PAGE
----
Carel Basson Oosthuizen, a PhD student in Medicinal Plant Sciences in the Department of Plant and Soil Sciences at the University of Pretoria (UP), was awarded the prize for the best paper at the recent annual conference of the Indigenous Plant Usage Forum (IPUF). The title of his paper was 'Natural coumarins against persistent mycobacterial biofilms'.
The work presented by Oosthuizen is part of his doctoral research, which was undertaken to evaluate the efficacy of natural products or compounds from plants that are able to inhibit mycobacterial biofilms. Mycobacteria tuberculosis is a bacterium that causes tuberculosis in humans, and because of the ability of these bacteria to clump together in a slimy environment it is very difficult to treat them with antibiotics. The result is that the bacteria continue to live in the human body for an extended time. By using chemical compounds isolated from plants, these biofilms can be disrupted which may lead to ultimately aid in the treatment of tuberculosis. His research also includes computational biology and computer-aided simulations to describe exactly how these compounds work and where specifically inhibition occurs.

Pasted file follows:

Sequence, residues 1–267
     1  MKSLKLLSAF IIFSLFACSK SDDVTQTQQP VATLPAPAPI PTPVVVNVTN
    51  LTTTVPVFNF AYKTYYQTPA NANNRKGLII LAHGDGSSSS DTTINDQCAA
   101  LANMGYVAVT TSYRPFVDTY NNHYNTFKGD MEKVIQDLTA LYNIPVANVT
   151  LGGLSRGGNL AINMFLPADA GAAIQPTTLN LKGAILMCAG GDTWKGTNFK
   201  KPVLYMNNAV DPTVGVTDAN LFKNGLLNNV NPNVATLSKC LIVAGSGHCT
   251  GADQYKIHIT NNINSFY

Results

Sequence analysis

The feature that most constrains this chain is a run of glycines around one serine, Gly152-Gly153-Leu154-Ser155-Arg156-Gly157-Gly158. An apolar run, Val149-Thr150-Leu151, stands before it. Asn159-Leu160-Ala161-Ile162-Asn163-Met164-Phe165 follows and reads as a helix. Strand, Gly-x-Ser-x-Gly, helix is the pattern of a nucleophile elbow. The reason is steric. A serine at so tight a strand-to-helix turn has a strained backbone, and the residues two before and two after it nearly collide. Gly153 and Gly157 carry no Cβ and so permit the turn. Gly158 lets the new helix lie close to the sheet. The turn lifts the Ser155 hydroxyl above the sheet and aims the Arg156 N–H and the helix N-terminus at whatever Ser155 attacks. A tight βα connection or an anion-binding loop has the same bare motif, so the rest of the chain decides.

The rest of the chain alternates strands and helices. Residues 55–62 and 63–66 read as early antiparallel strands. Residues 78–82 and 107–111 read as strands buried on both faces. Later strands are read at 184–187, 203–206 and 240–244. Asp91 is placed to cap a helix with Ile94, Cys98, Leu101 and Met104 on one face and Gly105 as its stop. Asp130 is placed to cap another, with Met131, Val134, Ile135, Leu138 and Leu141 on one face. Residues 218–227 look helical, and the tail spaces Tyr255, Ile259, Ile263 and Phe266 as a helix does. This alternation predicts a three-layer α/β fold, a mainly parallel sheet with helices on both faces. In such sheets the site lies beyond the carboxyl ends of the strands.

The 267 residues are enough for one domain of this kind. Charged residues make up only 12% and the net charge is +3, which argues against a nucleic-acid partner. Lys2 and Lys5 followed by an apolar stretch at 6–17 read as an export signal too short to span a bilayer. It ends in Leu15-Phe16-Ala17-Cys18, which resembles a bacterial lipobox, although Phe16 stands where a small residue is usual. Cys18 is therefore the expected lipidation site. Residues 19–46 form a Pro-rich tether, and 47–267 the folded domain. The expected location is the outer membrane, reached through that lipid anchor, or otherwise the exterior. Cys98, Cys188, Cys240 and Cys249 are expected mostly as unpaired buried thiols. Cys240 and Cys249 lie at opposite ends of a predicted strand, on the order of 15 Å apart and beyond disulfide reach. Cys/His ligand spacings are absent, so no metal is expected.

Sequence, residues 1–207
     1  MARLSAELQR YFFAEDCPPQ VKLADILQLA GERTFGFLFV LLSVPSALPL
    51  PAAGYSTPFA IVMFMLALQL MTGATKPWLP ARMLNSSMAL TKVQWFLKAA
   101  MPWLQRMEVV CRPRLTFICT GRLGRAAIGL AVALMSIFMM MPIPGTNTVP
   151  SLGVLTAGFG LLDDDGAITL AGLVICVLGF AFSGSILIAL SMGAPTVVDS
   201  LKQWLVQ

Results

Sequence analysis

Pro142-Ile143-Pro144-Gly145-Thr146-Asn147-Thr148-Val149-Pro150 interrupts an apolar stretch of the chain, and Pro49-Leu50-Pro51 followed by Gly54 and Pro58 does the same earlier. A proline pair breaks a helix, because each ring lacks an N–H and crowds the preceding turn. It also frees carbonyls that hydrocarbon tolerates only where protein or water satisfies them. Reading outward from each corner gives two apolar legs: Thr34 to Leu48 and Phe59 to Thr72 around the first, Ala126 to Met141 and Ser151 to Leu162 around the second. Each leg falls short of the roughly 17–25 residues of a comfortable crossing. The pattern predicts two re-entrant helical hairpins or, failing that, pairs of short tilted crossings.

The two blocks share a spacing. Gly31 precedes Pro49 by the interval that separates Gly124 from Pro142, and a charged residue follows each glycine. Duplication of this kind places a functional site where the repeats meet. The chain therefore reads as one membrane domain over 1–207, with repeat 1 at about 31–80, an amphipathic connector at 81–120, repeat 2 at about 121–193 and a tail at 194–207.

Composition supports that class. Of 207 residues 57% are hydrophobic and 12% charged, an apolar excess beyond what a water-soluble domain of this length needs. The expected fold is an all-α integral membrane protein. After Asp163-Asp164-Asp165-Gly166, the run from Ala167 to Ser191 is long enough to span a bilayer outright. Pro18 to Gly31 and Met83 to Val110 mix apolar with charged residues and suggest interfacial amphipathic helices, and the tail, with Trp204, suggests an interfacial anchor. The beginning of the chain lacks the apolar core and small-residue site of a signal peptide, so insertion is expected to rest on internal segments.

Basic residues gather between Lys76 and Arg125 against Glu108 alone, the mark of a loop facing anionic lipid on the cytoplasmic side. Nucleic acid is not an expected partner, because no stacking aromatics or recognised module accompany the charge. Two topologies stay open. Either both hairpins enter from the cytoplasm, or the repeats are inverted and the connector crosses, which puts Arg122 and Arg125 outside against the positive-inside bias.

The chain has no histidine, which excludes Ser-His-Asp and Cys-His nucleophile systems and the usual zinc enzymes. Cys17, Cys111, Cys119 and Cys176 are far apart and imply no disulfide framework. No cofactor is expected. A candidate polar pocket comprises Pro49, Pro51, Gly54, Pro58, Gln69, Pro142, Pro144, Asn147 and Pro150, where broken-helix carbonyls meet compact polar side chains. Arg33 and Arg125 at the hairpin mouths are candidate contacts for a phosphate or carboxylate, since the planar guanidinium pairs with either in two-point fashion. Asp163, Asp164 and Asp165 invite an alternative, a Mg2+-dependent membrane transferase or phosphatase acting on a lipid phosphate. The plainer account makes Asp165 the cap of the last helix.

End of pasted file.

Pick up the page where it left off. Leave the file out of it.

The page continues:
Oosthuizen is a true Tukkie who also completed his undergraduate studies and his MSc degree in Medicinal Plant Sciences at UP. This was not the first time that his presentations skills were acknowledged as he also received the prize for the best master's presentation in 2014.
His further studies were made possible by the Innovation Doctoral Scholarship that he received from the National Research Foundation. He has also been invited to complete part of his postgraduate studies with regard to biofilms and their mechanism at the University of East Anglia in England and the University of Albany in the USA. He has presented his research at three international and three national conferences, where it has sparked a lot of interest. He has published four peer-reviewed articles in top scientific journals and two chapters in books on the use of plants in the treatment of tuberculosis. Together with his supervisor, Prof Namrita Lall, he holds a South African and international patent for the use of a plant extract as an adjuvant treatment for patients suffering from TB. Through this project, Carel received seed funding from the Technology Innovation Agency for the further development and commercialisation of the invention.
Commenting on his achievement, an elated Oosthuizen said: 'Receiving a prize like this and being recognised for my contribution to science has a tremendous positive impact on how I, as a young scientist, approach my work. It motivates and inspires me to do more. I am extremely passionate and excited to find out novel targets for Mycobacteria. The diversity of indigenous South African plants presents us with great potential to discover new drugs and treatments for all kinds of diseases such as tuberculosis, cancer and various skin ailments.'